A meal with friends
<p>Annette and Bruce Phillips eat at the free Thanksgiving meal at Lake City Senior Center. They prefer a community meal as an opportunity to socialize.</p>
<p>Monique Jenkins digs into the free Thanksgiving meal provided on Thursday at Fresh Start. Jenkins, currently living in an encampment, was happy to share a holiday meal with her Fresh Start friends.</p>
| November 26, 2010 8:00 PM
Dianna Szuch had a simple critique of the heaping plate of turkey, mashed potatoes and gravy.
"It's hot," she said with a smile. "A hot meal is always good when you're camping out."
The 51-year-old and her husband, Alec Szuch, hadn't even known a free Thanksgiving meal was available when they popped into Fresh Start drop-in center on Thursday for their usual shower, something the homeless couple doesn't have available at their encampment.
The meal, including all the usual Thanksgiving fixings and a long dining table, enhanced the holiday for all the Fresh Start regulars, she said.
"Apparently is must be nice. Look at everybody here," Dianna said, glancing at all the smiling faces as folks chatted and gulped down food.
Teresa Martinson, volunteer coordinator for Fresh Start, said most folks grabbing plates were homeless individuals she sees there everyday.
"We're kind of their gathering point. They look at everyone here as family," Teresa said, adding that about 60 guests were expected. "We wanted them seated for a meal, to have an atmosphere where it's family."
She added that the free dinner, Fresh Start's first, was possible because of so many food donations, many courses brought by the volunteers themselves.
"That's what we do here. We believe in helping others not as fortunate as us," Martinson said.
Monique Jenkins was eager to dive into some mashed potatoes after using Fresh Start's free long distance to call her children in Memphis, Tenn.
Calling a tent home these days, the 46-year-old was excited to share a holiday with those she often sees doing laundry and grabbing food at the drop-in center.
"You know, a lot of these people would rather be here, because we're all friends. We all know each other," Jenkins said. "And the donations are wonderful. There are piles and piles and piles of food."
Several community Thanksgiving meals were held in Kootenai County on Thursday, and gratitude was prevalent.
More than 90 volunteers pitched in at the 12th annual community dinner at the Lake City Senior Center, some seating folks at the packed tables, others prepping the multitude of donated food.
Guests chowed down to candlelight, with Mo Oliver and Melody Draves performing on the fiddle and flute for mood music.
"We really try to present this as if we had our friends and family to our homes. That's what we're providing," said Vickie Hillicoss, who organizes the event with her husband, Michael Hillicoss.
Hank Lofstrom, 78, said it was a relief to indulge in a warm meal surrounded by friendly chatter.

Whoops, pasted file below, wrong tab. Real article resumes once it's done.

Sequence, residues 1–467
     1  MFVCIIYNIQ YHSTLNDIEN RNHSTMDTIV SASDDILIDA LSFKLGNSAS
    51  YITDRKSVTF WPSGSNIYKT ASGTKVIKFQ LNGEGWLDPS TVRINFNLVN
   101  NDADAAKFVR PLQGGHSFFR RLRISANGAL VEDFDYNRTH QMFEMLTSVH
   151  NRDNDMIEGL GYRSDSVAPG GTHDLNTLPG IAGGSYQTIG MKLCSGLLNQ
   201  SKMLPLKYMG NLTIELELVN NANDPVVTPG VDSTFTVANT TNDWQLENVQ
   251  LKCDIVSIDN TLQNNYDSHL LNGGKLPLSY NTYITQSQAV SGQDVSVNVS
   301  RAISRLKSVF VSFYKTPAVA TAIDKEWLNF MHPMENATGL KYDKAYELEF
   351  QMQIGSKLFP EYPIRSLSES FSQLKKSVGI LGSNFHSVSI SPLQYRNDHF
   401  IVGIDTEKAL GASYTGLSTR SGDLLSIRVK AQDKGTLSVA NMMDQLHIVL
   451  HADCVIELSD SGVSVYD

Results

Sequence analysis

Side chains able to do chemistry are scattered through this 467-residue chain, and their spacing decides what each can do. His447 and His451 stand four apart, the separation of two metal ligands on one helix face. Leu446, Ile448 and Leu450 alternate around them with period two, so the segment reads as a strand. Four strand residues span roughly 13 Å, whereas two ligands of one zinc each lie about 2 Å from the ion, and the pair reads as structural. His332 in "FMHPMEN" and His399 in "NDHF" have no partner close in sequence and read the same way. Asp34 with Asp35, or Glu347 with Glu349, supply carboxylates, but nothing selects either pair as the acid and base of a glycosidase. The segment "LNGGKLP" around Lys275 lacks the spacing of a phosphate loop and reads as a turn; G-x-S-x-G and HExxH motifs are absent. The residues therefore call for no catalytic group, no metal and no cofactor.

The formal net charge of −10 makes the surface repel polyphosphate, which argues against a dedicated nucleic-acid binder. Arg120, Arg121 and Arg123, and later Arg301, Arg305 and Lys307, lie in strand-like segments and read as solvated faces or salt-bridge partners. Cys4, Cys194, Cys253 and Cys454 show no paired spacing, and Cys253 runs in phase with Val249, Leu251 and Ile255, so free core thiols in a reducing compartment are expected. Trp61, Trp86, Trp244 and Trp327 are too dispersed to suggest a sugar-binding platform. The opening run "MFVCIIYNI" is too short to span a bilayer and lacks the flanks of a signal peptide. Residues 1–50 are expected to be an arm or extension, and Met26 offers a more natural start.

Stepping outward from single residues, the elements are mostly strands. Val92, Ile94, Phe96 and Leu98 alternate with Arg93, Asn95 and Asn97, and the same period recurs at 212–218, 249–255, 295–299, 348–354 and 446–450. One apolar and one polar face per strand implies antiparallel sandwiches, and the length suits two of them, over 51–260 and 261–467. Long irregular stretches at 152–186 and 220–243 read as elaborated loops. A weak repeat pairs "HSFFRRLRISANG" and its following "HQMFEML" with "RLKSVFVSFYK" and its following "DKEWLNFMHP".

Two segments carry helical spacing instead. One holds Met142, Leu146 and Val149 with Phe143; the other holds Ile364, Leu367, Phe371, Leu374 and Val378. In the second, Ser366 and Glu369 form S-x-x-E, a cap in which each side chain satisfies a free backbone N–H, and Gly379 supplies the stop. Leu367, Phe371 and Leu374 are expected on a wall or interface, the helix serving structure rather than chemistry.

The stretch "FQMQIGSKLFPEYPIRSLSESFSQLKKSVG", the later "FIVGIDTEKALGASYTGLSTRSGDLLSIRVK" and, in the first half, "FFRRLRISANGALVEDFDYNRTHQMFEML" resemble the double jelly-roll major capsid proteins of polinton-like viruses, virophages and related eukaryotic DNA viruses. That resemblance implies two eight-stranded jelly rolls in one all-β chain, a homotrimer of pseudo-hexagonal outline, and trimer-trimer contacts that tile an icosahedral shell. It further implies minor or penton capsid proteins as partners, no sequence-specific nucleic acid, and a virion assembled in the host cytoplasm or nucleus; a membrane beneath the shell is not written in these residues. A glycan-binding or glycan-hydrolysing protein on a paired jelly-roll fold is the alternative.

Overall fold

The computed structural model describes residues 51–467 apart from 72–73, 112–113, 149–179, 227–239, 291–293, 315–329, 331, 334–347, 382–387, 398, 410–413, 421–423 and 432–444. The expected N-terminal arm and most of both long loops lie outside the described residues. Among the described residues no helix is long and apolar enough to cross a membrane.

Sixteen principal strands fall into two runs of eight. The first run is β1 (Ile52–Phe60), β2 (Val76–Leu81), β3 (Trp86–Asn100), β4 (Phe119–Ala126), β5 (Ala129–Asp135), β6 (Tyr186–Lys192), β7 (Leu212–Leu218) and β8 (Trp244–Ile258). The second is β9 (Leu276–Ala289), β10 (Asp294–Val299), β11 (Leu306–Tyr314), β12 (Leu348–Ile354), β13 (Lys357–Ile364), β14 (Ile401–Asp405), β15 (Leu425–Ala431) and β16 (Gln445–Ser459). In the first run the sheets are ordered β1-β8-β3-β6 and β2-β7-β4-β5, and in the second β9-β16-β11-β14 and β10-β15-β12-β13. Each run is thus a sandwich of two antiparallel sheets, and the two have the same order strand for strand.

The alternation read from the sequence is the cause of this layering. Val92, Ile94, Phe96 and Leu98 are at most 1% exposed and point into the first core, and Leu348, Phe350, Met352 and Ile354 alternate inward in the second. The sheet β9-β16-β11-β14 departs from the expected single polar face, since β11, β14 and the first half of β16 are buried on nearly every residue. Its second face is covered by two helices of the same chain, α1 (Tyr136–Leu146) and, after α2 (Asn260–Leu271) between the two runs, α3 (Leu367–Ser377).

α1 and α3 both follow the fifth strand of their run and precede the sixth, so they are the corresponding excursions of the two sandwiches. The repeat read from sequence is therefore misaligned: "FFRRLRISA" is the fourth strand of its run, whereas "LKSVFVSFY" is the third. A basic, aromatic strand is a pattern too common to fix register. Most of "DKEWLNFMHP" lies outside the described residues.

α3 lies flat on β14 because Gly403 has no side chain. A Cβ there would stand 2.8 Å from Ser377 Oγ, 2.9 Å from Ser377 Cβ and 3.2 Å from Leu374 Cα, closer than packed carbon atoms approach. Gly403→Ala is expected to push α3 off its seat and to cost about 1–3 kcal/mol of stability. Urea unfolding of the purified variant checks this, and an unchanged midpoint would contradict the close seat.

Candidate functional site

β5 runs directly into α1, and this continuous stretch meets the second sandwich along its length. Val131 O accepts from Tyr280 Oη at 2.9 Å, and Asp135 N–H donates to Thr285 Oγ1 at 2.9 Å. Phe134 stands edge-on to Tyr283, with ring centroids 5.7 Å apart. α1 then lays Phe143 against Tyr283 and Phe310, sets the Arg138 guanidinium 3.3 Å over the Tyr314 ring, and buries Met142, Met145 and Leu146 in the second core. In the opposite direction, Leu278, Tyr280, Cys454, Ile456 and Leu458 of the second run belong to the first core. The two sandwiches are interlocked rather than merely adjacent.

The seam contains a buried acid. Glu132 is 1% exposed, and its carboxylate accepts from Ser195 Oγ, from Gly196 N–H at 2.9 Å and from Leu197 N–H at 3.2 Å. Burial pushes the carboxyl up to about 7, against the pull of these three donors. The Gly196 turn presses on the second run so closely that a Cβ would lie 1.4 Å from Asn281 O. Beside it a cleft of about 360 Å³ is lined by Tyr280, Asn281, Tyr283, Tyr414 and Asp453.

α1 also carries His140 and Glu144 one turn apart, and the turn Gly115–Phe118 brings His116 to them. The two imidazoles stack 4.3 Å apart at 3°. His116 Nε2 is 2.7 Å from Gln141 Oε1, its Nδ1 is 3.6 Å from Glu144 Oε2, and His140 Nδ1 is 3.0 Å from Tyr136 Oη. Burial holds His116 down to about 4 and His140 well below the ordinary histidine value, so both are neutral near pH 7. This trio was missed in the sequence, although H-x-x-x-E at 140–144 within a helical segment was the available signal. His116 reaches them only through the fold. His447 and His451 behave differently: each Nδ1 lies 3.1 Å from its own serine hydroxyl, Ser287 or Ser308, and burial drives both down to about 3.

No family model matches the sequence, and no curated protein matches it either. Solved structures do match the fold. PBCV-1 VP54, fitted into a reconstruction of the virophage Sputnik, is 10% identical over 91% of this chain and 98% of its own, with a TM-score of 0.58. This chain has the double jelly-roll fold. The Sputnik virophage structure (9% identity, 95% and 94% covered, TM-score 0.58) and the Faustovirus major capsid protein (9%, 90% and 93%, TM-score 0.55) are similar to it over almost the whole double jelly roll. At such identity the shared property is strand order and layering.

"I live up at Hauser in a big empty house," Lofstrom said. "I'm glad we are able to put this on. It's a nice place to come to."
Roughly 600 meals were served at the event, with guests encouraged to grab a take-home sampling. Volunteers estimated about 100 Thanksgiving Meals on Wheels were also provided.
Annette and Bruce Phillips preferred the communal meal, they said, as this was the first year Annette couldn't visit her large family out of state.
"We just enjoy the company, instead of sitting at home, feeling sorry for yourself," the Coeur d'Alene woman said. "It's really nice to put this on for people who don't have a place to go."
Folks were greeted with Pastor Michael Murray playing guitar at the dinner at ONE ministries.
Sarah Murray, Michael's wife, said most of the guests attend the church's Sunday soup kitchen.
"I'm getting teary eyed. These people have become our family," Sarah said.
The church's Thanksgiving dinner, its third, was intended to reinforce that feeling, she said.
"It's community. It's not just a place to get fed," she said, pointing out the folks chatting and looking over the newspaper together.
After eating, Karen Lindbergh, director of the St. Vincent De Paul HELP Center, played Spades with her daughter, Autumn Weppner, and Coeur d'Alene resident Robert Campbell.
Most partaking in the meal were HELP Center clients, Lindbergh said, and she was relieved they had a place to go.
"I can't spend Thanksgiving worried about where they are. Now I know they're safe, I know they're warm, I know they're fed," she said.
Guests were invited to the microphone to describe what they were grateful for.
After a few words from Patty McGruder, homeless outreach coordinator for the Dirne Health Center, Frankie Kolesinski hopped up with a smile.
"I've lived here for 16 years, and a few of my years have been really hard," said Kolesinski, who has been homeless a few years. "There have been people like Patty who have always backed me up, always wanted to help me. When you need help, please try to get it. As I found out later in life, when you really need help, you can't do it by yourself."
The Szuchs also made an appearance at the ONE ministries dinner, but not for food.
It was to volunteer, Alec said, and show their gratitude for the meals given to them.
"We may be homeless, but we still volunteer," Alec said.
"We give back what we get," Dianna said.